Genesis Space Probe
Genesis was a NASA sample-return space probe that collected and returned solar wind particles for analysis. It was the first NASA sample-return mission since the Apollo program to return material and the first to return material from beyond the Moon. Genesis launched on August 8, 2001, and exposed its collector arrays on December 3, 2001, and began collecting solar wind particles. After 850 days, the collection process ended, and Genesis began its return on April 22, 2004. The sample return capsule separated from the spacecraft on September 8, 2004, and returned to Earth for the planned recovery.
Extensive planning for the capsule's retrieval had been conducted: a normal parachute landing could damage the delicate samples, so a mid-air retrieval of the capsule was planned. A drogue parachute was to be deployed around 33 km (21 mi) above the ground to slow descent. Then, a large parafoil would be deployed around 6.7 km (4.2 mi) to slow descent further and keep the capsule in stable flight. A helicopter would then attempt to catch the capsule by its parachute on the end of a five-meter hook, and the capsule would be soft-landed once retrieved. However, the sample return capsule entered Earth's atmosphere over northern Oregon on September 8, 2004, at nearly 11.04 km/s (24,706 mph). The spacecraft's descent was slowed only by its air resistance due to a design flaw with the deceleration sensor. The planned retrieval could not occur as planned, and the capsule crash-landed into the desert floor at about 86 m/s (310 km/h; 190 mph) at the Dugway Proving Ground in Tooele County, Utah.
On impact, the capsule broke open, and a part of the inner sample capsule was also breached and contaminated. The damage was less severe than expected given its velocity upon impact, but it was cushioned to some extent by falling into the fairly soft ground of the Utah desert. Toxic gases from the batteries and unfired pyrotechnic devices in the parachute deployment system delayed the recovery approach to the crash site. Recovery efforts by Genesis team members took four weeks and included inspecting, cataloging and packaging various sample collectors. Additionally, a trained crew scoured the impact site for fragments and sampled the local desert soil to identify possible future contaminants. After everything was cleared for safety, the damaged sample-return capsule was secured and moved to a clean room for inspection.
Initial investigations showed that some sample collection wafers had crumbled on impact, but others were intact, and although desert dirt entered the capsule, liquid water had not. Because the solar wind particles were embedded in the wafers, whereas the contaminating dirt was just lying on the surface, this made separating the sample from the contaminating dirt much easier. However, it was not terrestrial desert soil that proved most difficult to deal with during the sample analysis process. The craft's own compounds, such as lubricants and craft-building materials, proved more difficult to separate from samples in the aftermath of the crash. The analysis team believed they would be able to achieve most of their primary science goals with the recovered samples. The extraction began on September 21, 2004, and in January 2005, a first sample piece was sent for analysis to scientists at Washington University in St. Louis.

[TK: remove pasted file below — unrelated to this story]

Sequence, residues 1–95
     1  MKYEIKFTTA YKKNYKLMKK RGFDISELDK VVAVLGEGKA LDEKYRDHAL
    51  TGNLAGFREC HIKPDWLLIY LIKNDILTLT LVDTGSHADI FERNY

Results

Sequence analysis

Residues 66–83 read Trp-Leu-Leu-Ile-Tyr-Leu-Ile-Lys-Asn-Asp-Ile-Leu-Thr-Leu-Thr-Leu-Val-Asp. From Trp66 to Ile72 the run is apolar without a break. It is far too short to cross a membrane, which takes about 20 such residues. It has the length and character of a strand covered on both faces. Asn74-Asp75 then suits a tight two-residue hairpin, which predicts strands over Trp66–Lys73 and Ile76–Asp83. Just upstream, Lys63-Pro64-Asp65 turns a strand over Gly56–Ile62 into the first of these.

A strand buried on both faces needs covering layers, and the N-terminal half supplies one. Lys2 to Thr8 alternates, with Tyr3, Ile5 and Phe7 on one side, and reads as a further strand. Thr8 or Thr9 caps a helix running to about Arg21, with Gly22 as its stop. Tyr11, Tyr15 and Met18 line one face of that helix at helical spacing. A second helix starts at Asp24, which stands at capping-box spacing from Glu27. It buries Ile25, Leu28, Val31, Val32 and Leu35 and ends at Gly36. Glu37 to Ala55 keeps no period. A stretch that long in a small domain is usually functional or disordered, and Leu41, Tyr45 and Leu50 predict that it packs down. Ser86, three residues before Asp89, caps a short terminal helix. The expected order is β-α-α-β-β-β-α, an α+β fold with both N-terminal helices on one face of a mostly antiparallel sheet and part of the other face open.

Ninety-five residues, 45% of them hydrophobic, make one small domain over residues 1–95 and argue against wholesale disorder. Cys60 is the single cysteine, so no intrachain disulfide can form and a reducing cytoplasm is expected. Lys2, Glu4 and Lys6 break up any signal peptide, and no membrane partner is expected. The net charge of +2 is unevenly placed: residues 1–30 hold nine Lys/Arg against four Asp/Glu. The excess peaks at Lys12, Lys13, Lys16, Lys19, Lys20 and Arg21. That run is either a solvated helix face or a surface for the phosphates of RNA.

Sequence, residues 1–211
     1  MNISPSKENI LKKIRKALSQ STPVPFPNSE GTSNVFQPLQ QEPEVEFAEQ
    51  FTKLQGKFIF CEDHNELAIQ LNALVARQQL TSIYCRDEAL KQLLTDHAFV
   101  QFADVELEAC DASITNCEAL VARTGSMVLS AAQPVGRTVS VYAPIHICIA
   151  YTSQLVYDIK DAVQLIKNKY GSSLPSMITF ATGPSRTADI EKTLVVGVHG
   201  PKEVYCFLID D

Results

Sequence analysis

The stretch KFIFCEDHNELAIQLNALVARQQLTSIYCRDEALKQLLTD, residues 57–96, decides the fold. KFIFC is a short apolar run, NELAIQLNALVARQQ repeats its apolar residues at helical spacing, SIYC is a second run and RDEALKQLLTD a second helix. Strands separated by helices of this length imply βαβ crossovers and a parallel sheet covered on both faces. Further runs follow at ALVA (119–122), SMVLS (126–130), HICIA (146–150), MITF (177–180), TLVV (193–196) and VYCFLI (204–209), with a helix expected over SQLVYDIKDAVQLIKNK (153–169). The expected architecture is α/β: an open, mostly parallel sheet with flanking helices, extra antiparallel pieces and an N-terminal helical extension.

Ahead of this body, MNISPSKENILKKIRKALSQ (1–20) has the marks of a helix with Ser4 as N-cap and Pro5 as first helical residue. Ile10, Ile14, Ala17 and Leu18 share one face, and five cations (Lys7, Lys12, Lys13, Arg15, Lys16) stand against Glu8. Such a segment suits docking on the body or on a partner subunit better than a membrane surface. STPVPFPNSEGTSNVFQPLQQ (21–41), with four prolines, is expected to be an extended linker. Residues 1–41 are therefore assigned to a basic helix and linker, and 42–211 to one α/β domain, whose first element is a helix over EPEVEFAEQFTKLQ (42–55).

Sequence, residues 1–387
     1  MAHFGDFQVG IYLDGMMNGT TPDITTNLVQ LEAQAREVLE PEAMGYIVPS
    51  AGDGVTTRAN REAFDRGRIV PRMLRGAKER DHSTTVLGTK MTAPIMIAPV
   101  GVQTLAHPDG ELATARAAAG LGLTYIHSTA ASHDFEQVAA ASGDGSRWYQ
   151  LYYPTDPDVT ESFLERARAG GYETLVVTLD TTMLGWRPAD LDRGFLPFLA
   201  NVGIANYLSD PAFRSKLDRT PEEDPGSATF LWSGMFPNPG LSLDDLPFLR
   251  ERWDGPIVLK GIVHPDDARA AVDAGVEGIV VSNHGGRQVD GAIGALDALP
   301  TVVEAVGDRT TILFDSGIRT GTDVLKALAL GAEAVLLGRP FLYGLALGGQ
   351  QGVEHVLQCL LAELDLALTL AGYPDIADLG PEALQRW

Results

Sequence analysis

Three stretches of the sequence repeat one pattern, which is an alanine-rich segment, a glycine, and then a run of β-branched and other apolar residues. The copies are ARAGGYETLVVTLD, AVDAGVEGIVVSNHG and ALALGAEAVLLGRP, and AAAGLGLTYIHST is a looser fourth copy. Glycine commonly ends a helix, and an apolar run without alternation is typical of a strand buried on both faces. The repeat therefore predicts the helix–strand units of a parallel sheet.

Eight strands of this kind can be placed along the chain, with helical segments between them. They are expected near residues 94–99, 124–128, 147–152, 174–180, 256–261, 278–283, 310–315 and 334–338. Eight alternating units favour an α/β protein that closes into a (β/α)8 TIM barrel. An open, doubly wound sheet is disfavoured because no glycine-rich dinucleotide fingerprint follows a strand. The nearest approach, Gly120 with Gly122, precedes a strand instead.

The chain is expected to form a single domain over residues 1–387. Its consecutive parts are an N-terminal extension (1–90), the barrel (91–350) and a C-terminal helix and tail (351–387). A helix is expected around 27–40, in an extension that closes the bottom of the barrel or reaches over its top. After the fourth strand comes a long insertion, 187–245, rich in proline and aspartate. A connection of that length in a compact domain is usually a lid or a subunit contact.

Scientists at Washington University published detailed argon and neon isotope findings in 2007. The results found in these samples agree with data from lunar samples containing "young" (∼100 million years) solar wind. This indicates that solar wind composition has not changed within at least the last 100 million years. The Genesis solar wind samples are under long-term curation at NASA's Johnson Space Center so that as sample analysis techniques evolve, pristine solar wind samples will be available to the scientific community in the decades to come.
The first possible root cause of the failed deployment of the parachutes was announced in a press release a month after the crash landing. Lockheed Martin built the system with an acceleration sensor's internal mechanisms oriented wrong, and design reviews had not caught the mistake. On January 6, 2006, NASA investigation board chair Michael Ryschkewitsch revealed that Lockheed Martin skipped a pre-test procedure on the craft, and he noted that the test could have easily detected the problem.